Others. Essays on interpersonal and consumer behaviour Defended on Thursday, 3 March 2016
Consumers rarely realize how much principles governing the way they interact with other people may affect not only their interpersonal behavior, but even their consumer behavior. In this dissertation, I investigate this general issue in three chapters. In chapter 2, I propose that consumers with low self-esteem become wary of new relationships with alternative service providers if they experience service failures in a current service relationship, whilst consumers with high self-esteem do not. In chapter 3, I define brand flirting as consumers’ casual interest in or short-term experimentation with a competitor to a favored brand, and I examine the consequences of this minor consumer infidelity. In chapter 4, I move away from consumer loyalty and commitment, and examine a different behavioral outcome: word-of-mouth. In this case, the context of the research is completely social, as I investigate the effect of environmental crowdedness on the likelihood that consumers engage in information sharing, which is a form of interpersonal communication that is very relevant for marketing purposes.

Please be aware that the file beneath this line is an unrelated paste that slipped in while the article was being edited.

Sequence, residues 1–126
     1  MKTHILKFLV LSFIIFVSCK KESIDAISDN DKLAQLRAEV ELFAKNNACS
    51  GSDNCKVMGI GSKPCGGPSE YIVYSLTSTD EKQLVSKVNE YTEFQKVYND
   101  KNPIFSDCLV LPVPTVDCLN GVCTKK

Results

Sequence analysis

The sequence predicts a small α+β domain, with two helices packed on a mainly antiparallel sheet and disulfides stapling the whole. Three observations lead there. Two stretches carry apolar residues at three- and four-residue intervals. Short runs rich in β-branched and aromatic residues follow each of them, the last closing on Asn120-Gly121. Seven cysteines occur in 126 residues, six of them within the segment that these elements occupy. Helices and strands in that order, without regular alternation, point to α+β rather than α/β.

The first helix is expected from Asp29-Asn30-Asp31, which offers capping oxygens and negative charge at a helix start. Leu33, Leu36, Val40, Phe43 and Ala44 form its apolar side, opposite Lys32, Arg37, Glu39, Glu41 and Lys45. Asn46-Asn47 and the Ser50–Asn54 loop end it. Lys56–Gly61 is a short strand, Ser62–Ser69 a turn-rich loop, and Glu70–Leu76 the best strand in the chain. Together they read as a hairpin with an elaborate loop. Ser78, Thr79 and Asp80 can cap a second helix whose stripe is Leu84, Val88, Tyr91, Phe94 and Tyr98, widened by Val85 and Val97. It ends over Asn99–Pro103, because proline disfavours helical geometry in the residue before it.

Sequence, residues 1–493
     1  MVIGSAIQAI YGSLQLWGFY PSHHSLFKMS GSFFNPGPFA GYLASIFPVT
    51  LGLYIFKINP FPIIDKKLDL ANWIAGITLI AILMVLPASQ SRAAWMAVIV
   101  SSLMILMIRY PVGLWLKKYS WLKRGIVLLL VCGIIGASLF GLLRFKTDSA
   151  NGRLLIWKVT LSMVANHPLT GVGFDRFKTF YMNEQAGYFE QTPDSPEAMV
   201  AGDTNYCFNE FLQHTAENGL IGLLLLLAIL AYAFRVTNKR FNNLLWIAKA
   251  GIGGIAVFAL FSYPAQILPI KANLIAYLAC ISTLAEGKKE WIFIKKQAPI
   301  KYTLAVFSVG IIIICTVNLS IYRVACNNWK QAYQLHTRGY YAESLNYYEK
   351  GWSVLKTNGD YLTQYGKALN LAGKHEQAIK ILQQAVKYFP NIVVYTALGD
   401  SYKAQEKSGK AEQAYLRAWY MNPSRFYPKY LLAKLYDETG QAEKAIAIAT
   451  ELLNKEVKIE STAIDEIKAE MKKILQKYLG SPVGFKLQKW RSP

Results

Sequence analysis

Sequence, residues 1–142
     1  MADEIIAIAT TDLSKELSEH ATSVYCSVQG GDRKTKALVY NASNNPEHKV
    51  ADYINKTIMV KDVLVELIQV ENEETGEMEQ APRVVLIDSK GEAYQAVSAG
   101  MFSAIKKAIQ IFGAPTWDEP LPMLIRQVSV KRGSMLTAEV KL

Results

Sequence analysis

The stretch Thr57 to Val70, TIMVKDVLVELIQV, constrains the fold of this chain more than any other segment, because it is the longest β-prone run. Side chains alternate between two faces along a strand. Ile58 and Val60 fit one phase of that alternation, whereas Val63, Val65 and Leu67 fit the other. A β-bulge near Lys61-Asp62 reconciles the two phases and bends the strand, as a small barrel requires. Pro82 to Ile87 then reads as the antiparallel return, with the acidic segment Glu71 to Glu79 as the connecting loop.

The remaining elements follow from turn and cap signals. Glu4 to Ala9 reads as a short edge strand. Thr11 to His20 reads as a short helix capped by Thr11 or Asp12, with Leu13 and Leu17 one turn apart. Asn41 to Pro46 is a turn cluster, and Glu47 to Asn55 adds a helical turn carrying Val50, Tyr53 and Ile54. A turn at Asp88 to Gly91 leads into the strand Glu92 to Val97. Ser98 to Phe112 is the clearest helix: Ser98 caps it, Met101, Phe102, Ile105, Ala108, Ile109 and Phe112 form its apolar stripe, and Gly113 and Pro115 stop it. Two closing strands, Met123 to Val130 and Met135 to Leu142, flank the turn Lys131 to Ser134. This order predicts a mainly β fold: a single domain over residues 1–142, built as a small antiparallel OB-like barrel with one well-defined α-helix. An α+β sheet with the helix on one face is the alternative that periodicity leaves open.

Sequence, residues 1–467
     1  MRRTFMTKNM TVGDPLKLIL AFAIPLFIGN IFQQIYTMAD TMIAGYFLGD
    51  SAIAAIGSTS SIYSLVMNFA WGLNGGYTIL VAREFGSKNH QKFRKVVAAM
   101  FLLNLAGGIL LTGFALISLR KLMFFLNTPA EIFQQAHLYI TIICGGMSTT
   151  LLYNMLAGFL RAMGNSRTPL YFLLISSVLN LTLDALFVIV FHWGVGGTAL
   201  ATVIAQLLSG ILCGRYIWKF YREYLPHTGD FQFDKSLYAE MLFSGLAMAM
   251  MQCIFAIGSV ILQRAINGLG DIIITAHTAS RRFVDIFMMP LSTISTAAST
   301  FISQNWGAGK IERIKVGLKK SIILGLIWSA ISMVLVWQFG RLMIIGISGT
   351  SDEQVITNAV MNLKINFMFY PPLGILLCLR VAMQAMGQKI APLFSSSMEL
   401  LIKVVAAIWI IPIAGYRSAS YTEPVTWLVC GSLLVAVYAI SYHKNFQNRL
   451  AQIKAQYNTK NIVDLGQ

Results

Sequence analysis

This research has managerial implications for professionals in the area of marketing and public policy. From a theoretical point of view, this dissertation contributes to research on brand relationships, by identifying tensions between multiple brand relationships (with current and alternative brands), and by investigating consumers’ vulnerabilities that shape these relationships. Moreover, this research contributes to literature on information sharing by investigating how an unexplored contextual factor, namely crowdedness, affects consumers’ propensity to share information with others.
Consumer-brand relationships, self-esteem, flirting, commitment, loyalty, information sharing, word-of-mouth, crowdedness